When changing jobs, it's normal to be asked, "Why are you leaving your current job?" Usually, people answer honestly, with responses such as:
"I don't like the boss."
"I'm not paid enough."
"Working hours are long."
However, in an interview, it's critical to change negative responses into positive ones. Click here for the reason. But the problem is, how do you change your negative reason to a positive one?
A major reason for changing jobs is hating the boss. People can cope with coworkers and dysfunctional teams, but when that comes to direct line managers, many feel change is needed.
There are numerous reasons why a person may dislike a bad boss: stubborn, poor listeners, reluctant to change, steals the limelight of achievement, and defers mistakes to others.
In an interview, if you answer directly your feelings, without thinking through how the answer is received, the potential employer may fee the feedback reflects poorly on you. The interviewer may take your feedback as someone who lacks patience or runs when problems arise. To prevent this, you must make clear what and why you dislike your boss. Then, explain your reason to resign.
For example, if your boss is conservative, you might answer:
"I wanted to challenge new methods and job opportunities under a boss who is outgoing and open to new ideas."
People work mainly for one reason: money. But even in an interview, leaving for low wages is generally regarded as poor reason to change jobs if not explained clearly. By focusing on salary, the interviewer may think one of two things: 1. your not paid because your skill-level, or 2. you have the skills and need aid more.
You want the interviewer thinking you respect your previous company, have the skills, and deserve a higher wage. Though wages are certainly an important part of changing jobs, stay positive when answering this question. Focus on the value of your skills and achievements. Then put that in the context of their value in the market.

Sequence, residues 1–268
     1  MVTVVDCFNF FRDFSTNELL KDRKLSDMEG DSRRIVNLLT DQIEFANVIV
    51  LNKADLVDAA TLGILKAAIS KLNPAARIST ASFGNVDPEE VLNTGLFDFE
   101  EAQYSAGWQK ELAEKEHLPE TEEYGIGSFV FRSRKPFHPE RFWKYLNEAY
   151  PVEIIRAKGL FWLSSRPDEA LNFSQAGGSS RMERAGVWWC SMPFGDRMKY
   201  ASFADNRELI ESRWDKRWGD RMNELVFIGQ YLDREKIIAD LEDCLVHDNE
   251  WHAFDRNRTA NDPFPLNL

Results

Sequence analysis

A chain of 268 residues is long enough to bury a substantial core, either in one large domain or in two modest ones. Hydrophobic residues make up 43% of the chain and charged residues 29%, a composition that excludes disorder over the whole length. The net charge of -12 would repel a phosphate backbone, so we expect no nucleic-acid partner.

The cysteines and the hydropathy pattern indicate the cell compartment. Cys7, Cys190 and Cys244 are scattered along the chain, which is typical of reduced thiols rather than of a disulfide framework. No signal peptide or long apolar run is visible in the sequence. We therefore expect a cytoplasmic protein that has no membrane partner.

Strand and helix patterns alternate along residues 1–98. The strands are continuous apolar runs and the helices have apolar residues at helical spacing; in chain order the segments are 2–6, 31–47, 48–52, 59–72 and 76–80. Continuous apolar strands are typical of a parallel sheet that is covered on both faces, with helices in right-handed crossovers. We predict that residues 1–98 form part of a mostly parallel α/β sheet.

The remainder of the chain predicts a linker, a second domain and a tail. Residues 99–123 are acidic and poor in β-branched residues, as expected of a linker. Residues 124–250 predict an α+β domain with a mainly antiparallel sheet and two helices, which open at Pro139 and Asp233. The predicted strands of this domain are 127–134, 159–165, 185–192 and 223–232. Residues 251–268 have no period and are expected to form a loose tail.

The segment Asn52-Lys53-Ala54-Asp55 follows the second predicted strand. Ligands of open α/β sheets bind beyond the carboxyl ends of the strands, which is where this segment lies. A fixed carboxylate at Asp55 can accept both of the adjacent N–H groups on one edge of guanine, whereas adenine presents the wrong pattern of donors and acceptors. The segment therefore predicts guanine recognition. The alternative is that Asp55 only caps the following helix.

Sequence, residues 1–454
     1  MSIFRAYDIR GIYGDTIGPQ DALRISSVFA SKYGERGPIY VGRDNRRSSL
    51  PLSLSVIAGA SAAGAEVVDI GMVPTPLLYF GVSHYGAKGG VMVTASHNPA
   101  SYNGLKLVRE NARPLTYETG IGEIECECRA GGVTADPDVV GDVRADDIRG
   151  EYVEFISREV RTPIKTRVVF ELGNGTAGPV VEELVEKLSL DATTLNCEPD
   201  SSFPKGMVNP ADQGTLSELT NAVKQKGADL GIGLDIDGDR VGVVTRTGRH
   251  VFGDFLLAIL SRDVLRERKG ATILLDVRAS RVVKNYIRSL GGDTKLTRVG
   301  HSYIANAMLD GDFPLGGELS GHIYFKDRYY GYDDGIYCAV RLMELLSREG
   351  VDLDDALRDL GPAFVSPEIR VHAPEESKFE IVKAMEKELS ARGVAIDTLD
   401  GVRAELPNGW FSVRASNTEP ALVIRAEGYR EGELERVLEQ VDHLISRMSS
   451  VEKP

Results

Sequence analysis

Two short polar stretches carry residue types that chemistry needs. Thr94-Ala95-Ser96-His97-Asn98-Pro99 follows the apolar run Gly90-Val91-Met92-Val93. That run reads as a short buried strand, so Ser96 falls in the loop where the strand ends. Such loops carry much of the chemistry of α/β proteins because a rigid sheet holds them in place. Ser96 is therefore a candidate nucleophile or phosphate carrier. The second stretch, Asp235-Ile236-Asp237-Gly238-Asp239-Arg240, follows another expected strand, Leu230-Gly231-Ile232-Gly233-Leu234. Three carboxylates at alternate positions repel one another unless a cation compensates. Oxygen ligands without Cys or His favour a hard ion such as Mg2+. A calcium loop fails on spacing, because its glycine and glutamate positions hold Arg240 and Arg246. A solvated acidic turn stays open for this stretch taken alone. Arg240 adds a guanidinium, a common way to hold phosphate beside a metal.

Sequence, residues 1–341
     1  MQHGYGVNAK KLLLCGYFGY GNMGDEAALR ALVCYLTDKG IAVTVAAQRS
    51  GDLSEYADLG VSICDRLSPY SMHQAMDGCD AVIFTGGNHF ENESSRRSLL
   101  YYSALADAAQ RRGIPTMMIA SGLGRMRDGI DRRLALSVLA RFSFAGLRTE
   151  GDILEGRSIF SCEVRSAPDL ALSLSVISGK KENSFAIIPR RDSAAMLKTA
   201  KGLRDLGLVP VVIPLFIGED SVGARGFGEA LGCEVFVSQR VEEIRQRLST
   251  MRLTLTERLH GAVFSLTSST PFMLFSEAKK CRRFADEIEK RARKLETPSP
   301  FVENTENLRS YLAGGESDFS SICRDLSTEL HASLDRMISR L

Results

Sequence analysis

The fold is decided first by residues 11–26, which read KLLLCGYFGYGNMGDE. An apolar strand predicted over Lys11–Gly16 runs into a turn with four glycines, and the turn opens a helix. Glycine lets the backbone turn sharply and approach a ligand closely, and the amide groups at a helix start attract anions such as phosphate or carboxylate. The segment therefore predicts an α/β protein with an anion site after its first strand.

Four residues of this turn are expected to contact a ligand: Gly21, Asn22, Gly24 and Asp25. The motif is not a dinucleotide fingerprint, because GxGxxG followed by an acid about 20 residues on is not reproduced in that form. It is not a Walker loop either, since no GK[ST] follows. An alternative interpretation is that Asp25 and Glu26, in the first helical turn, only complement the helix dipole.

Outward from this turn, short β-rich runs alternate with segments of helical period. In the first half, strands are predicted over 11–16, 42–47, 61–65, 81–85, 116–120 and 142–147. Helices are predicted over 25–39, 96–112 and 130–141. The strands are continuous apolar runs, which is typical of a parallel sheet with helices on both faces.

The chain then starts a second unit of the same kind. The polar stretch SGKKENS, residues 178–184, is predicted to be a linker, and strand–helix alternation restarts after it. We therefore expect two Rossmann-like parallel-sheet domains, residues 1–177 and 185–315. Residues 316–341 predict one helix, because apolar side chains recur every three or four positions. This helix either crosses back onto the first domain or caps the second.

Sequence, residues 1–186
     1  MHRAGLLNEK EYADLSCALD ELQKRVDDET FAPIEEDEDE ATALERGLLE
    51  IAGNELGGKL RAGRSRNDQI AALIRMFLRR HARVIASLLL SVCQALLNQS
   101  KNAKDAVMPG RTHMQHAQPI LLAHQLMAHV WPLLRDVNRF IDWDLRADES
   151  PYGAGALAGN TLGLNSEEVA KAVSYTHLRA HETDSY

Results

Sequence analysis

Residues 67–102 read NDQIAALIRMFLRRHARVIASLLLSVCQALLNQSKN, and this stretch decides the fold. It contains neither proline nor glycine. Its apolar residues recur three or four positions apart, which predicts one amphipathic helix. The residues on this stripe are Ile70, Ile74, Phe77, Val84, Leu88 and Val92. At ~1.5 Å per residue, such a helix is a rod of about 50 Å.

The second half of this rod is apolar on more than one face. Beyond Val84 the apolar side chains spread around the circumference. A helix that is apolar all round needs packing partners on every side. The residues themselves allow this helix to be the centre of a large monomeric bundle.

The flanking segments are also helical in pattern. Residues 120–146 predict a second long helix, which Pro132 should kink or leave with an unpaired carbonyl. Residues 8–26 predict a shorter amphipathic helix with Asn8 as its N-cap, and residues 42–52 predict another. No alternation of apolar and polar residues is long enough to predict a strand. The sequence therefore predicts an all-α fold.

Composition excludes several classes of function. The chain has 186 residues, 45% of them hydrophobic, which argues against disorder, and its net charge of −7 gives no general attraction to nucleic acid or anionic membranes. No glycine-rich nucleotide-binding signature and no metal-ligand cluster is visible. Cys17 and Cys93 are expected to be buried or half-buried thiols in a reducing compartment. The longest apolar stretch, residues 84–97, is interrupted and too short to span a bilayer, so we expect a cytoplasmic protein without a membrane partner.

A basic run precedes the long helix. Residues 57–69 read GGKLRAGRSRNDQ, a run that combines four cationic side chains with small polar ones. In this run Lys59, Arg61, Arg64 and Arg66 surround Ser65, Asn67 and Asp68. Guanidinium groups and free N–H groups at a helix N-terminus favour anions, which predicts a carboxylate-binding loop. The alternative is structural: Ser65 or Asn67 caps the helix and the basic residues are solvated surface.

Work environment could mean many different things: long working hours, lack of employee benefits, bad transportation unrealistically high target, or any other factor difficult for you to control on your own. Therefore, saying you had a bad work environment is not specific for the hiring company.
In this case, complaining about the work environment gives the feeling that you escape when the environment gets difficult. The fact is, this happens in every company and the interviewer will think this.
Instead, figure out what about the working environment frustrated you and restate it positively. If you had a hard time with long working hours, say it like this: "In my previous job, I know how I could work more efficiently to increase productivity in a shorter time. Yet the work environment hampered individuals from showing such initiative. I would like to have the chance to work smarter, faster and accomplish more in the same time. I want to work for a company that measures results."
You might have to quit your job from experiencing harassment in the office. Even though this is a great reason to leave a job, as explained previously, refrain from presenting the negative. Some hiring managers might show interest in your story with a bad coworker or manager, but often the case you should stay positive and outgoing as much as possible. Therefore, state it as desiring career growth. A want for career growth always stresses the need for great skilled individuals or managers that promote growth helping you reach your potential.